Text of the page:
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Workplace stressors are associated with greater coronary heart disease risk, although there is debate over the psychophysiological consequences of work stress. This study builds on recent reviews and examines the literature linking work stress with sympatho-adrenal biomarkers (plasma catecholamines and heart rate variability) and HPA axis biomarkers- the post-morning profile of cortisol.
Relevant studies using appropriate search terms were searched using the bibliographic databases PubMed, Embase, Biosys and Toxline. Four studies on plasma catecholamines, ten studies on heart rate variability, and sixteen studies on post-morning cortisol were reviewed.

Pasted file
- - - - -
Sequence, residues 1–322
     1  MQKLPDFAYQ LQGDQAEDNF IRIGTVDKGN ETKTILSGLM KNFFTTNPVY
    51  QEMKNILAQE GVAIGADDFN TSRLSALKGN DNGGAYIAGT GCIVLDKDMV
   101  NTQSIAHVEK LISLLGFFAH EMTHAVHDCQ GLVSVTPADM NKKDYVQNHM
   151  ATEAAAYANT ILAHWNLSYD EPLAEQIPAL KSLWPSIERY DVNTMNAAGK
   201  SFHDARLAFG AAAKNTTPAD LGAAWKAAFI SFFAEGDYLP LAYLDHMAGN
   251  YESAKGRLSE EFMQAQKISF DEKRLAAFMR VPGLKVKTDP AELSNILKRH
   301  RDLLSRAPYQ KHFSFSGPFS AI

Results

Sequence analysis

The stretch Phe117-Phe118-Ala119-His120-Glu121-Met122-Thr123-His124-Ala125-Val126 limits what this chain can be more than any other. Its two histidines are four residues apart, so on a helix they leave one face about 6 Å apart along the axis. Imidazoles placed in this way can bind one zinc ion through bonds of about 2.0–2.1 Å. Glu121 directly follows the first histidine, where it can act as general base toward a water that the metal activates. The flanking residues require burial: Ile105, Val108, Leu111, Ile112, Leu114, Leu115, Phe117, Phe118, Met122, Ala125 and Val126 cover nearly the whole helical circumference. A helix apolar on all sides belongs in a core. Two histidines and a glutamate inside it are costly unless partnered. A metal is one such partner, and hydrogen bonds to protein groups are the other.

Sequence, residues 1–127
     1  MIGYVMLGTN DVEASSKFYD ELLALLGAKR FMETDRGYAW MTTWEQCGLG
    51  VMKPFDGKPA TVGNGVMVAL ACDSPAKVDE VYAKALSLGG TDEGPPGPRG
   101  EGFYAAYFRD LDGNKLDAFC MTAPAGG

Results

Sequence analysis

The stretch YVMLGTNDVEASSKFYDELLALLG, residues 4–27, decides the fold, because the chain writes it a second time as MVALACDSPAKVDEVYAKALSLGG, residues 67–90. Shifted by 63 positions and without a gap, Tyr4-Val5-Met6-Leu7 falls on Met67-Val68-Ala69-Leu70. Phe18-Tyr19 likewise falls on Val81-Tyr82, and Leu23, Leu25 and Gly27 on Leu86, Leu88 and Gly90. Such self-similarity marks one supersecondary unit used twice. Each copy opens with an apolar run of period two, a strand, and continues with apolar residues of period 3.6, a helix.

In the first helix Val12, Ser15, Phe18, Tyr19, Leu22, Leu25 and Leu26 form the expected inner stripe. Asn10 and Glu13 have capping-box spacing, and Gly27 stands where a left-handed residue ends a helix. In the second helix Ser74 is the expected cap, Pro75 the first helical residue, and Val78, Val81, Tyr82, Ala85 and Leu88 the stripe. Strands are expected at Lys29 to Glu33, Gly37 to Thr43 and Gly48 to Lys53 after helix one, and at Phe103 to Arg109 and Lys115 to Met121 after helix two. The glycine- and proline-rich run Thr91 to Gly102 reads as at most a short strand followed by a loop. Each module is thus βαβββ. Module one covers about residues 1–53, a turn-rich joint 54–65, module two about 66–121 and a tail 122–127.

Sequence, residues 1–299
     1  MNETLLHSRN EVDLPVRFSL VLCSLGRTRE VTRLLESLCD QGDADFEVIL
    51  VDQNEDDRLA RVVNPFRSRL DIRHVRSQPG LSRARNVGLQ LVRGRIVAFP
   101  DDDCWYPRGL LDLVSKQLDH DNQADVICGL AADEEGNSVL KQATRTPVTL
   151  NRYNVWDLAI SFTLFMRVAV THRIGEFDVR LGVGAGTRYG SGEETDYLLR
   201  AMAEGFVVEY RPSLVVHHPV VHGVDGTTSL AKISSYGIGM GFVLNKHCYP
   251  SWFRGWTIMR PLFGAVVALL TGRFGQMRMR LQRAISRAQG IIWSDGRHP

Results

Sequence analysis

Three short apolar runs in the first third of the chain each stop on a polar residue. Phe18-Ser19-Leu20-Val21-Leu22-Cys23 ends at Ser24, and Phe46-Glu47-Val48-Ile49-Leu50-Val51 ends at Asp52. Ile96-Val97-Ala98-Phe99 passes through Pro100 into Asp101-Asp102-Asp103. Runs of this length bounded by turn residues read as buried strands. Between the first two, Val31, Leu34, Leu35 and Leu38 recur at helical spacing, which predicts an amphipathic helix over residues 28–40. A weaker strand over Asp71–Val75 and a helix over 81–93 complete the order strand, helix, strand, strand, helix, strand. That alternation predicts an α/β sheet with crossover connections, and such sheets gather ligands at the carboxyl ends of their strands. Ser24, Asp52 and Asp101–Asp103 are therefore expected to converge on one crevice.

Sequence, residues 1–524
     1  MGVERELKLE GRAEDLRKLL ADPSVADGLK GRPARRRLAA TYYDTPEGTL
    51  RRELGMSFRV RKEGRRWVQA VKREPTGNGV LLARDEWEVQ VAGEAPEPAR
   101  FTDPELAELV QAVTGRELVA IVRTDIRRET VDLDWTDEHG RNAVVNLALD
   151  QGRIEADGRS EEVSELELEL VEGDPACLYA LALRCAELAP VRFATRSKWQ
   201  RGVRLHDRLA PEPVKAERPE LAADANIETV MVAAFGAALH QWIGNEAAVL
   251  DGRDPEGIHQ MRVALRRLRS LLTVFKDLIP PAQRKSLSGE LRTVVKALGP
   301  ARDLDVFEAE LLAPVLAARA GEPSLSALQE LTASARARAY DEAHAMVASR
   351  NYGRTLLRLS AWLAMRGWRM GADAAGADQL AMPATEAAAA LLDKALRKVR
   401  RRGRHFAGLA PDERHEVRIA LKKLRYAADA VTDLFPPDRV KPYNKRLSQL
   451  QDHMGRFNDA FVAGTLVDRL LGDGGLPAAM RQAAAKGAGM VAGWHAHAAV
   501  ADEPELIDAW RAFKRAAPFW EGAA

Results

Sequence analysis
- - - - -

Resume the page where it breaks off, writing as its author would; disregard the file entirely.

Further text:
In the majority of studies that examined the association of HRV and work stress, greater reports of work stress is associated with lower heart rate variability. The findings for plasma catecholamines and cortisol secretion are less clear cut and suffer from poorer quality of studies in general.
There is evidence that work stress is related to elevated stress responses in terms of sympatho-adrenal and HPA axis biomarkers.